By Eustacia A. English, NRWA DEI Columnist
Andrew Gold wrote the lyrics for the Golden Girls television series, “Thank you for being a friend. Travel down the road and back again. Your heart is true. You're a pal and a confidant.” This theme song is befitting for this month's topic, the International Day of Friendship.
The United Nations General Assembly designated the International Day of Friendship in 2011. On July 30, we take a step back and give thanks for these connections around the world because they support and foster peace, joy, and harmony. The UN urges governments, community organizations, and other organizations to plan activities and events that honor the strong friendships that we cherish. Numerous gatherings emphasize making amends, building consensus and understanding, and finding solace in the bonds that make you feel at home.
On July 30, the world celebrates friendship by celebrating friends that feel like family, close pals, and even adversaries. This day is dedicated to respect, inclusivity, and diversity. With a heavy focus on inclusivity, the International Day of Friendship encourages us to accept those who may seem different from us and involve everyone.
Our world is challenging. Prioritizing peace appears to have less of a presence in the global community due to misunderstandings, abuse, lack of trust, discrimination, and cultural conflict. There is really no excuse for the world not to exist in some peaceful manner. We should all be grateful to the UN for helping to bring awareness to the fact that there is some good in the world.
Building connections and friendships goes beyond simply having something in common with someone else in terms of traits, characteristics, or interests. It also involves encouraging a worldwide commitment to and knowledge of diversity and inclusion. People should not be divided because of differences in appearance, attitudes, politics, interests, music, reproductive rights, or other factors. We can discover common ground despite our differences. Relationships are more important than that, and every July, the UN seeks to spread generosity and camaraderie.
We are more alike than we all think. You can find commonalities by celebrating friendships through small gestures like a quick note, a coffee date, attending a concert, Facetiming, or going shopping. Another focus of this day is to spread ideas that reduce hatred and contempt; we want to believe that there is something that unites us all.
The World Friendship Crusade, an international civil group that promotes peaceful culture through friendship, suggested the first World Friendship Day in 1958. Hallmark first launched friendship greeting cards in the 1930s, and to this day, many people, including me, celebrate their special connections with a card or note.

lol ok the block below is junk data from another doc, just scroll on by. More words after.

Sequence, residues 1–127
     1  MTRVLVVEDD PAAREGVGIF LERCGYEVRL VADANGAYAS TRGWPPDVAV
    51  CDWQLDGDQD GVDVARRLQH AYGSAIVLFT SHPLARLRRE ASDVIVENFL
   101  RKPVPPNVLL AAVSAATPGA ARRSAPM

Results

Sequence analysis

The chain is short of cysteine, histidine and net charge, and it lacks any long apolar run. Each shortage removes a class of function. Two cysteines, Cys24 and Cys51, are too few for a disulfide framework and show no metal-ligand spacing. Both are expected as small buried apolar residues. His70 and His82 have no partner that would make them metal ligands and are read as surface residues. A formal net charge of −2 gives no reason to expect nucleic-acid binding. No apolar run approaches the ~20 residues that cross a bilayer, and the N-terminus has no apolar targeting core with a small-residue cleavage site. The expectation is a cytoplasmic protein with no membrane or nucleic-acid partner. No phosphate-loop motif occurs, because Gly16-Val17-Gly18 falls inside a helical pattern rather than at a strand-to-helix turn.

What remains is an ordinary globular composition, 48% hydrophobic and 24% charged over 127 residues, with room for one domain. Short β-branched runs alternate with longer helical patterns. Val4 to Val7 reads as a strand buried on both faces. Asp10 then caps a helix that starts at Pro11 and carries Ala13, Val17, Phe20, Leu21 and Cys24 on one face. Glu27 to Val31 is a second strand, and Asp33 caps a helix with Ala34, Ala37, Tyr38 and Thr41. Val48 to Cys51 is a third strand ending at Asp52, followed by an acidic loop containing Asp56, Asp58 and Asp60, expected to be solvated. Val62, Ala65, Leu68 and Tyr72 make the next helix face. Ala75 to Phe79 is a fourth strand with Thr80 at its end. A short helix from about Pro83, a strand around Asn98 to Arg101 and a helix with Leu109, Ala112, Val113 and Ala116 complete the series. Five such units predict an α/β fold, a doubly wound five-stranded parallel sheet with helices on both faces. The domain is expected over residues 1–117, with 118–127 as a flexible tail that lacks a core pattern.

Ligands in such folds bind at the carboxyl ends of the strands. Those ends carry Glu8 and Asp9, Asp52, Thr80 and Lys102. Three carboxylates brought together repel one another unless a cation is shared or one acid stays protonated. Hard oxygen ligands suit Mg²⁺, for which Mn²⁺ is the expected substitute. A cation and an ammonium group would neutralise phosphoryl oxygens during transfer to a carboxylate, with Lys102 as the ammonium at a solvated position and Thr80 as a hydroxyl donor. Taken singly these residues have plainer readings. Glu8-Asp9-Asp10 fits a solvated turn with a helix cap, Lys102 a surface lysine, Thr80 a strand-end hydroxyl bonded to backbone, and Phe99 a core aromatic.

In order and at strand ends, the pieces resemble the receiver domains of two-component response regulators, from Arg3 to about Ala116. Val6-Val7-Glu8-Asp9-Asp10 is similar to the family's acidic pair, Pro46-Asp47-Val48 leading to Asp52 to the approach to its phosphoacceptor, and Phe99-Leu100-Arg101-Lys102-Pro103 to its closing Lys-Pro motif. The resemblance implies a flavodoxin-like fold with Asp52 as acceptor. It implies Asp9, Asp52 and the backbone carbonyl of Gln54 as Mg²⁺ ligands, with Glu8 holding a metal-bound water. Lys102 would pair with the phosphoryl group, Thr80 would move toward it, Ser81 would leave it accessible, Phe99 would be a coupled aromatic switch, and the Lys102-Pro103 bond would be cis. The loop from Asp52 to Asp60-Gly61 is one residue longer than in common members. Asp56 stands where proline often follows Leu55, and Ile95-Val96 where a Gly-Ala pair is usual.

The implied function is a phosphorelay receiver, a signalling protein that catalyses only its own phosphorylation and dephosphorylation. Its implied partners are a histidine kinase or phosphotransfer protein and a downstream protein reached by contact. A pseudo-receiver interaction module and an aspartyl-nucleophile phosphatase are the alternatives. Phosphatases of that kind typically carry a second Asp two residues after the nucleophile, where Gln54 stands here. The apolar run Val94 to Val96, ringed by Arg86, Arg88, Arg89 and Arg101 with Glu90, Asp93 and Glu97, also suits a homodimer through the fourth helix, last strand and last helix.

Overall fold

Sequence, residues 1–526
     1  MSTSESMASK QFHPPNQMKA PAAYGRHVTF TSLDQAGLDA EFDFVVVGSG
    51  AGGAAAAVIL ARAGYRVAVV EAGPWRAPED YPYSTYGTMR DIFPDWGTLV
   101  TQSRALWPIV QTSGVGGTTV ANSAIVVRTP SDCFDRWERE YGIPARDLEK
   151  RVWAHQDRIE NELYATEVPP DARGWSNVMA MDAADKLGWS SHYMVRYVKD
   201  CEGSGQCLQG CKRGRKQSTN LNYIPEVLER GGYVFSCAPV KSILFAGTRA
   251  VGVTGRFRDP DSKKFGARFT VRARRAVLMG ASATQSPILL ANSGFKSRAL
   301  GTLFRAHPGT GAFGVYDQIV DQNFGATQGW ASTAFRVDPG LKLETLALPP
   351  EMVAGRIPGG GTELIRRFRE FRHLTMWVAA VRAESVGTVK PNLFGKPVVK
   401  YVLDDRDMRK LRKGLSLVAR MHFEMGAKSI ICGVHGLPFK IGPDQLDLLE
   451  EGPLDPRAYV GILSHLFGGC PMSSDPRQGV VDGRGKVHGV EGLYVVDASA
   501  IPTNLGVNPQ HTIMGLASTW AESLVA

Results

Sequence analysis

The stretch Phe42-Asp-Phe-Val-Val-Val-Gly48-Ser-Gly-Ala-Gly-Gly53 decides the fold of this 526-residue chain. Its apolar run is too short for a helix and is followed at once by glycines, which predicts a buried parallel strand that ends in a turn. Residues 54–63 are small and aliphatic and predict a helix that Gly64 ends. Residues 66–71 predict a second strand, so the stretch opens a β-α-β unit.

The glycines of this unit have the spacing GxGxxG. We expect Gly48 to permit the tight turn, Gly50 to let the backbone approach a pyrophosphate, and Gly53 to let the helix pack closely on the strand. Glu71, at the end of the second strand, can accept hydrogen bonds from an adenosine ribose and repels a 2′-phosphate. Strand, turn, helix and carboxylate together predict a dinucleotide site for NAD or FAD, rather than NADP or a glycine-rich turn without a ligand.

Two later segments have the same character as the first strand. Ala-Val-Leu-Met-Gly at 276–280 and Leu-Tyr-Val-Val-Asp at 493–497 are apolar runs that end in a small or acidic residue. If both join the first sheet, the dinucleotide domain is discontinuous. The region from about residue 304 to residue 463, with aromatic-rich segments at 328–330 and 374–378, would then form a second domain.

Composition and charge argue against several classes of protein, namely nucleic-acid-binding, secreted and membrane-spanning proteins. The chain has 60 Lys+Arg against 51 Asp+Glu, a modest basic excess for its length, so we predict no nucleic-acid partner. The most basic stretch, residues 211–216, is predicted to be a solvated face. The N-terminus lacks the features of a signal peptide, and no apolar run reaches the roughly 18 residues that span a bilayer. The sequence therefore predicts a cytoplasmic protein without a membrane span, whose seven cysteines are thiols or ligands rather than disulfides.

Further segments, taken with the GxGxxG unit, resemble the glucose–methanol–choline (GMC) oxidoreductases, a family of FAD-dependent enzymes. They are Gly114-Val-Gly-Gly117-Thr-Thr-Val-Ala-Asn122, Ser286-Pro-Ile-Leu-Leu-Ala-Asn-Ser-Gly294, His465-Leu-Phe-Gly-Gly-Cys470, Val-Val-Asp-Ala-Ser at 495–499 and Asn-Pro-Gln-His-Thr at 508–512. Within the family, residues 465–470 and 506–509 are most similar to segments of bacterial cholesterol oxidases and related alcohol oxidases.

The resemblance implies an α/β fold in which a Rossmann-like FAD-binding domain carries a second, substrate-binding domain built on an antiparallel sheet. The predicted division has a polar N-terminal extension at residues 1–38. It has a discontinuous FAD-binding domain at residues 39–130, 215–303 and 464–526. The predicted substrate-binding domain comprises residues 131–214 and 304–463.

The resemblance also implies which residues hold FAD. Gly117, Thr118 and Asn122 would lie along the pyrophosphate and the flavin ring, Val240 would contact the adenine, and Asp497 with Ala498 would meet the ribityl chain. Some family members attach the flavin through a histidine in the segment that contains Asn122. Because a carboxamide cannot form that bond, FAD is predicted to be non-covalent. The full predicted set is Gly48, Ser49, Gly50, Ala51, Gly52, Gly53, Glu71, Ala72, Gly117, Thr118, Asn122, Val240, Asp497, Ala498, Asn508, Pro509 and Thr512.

On the International Day of Friendship, we honor and celebrate the friends who stand by us, correct us when we're being stubborn, give up their time for us while everyone else is preoccupied with adulting, visit us in the middle of the night to lift our spirits, and even the long-distance friends whose friendship has endured across borders.
As I write this, I'm reflecting on my own friendships. I've had some of the same friends for nearly 30 years, and I will always value our friendship. Every person's definition of friendship is unique, as is the nature of the friendship bond. People we have known for a long time might not be close to us, yet we might regard someone we have only recently met as our best friend. It means a lot to me to have both in my life.
There are simple ways to observe the holiday, such as hanging out with friends and doing what you enjoy, as well as more complex ones, such as throwing parties, exchanging gifts, and telling people how much they mean to us. Reaching out and contacting people we haven't seen in a while is another custom on International Day of Friendship. Since conversations are the foundation of all friendships, you might want to reach out to someone new.
Use this celebration day to send someone a sincere note on the spur of the moment or go out to lunch with friends to catch up. Enjoy the month and strengthen your existing relationships, but don't hesitate to strike up new ones. As always, I wish you all continued peace, love, happiness, and blessings. Eustacia English writes the Perspective column, which examines Diversity, Equity, and Inclusion (DEI) in resume writing and career strategy. She is a 20-year HR and talent acquisition veteran and started Resumes on Demand last year. She also writes on DEI for The Black in HR e-zine. She lives with her husband and two children in Cherry Hill, NJ. Find her online at LinkedIn.com/in/ecampbell05.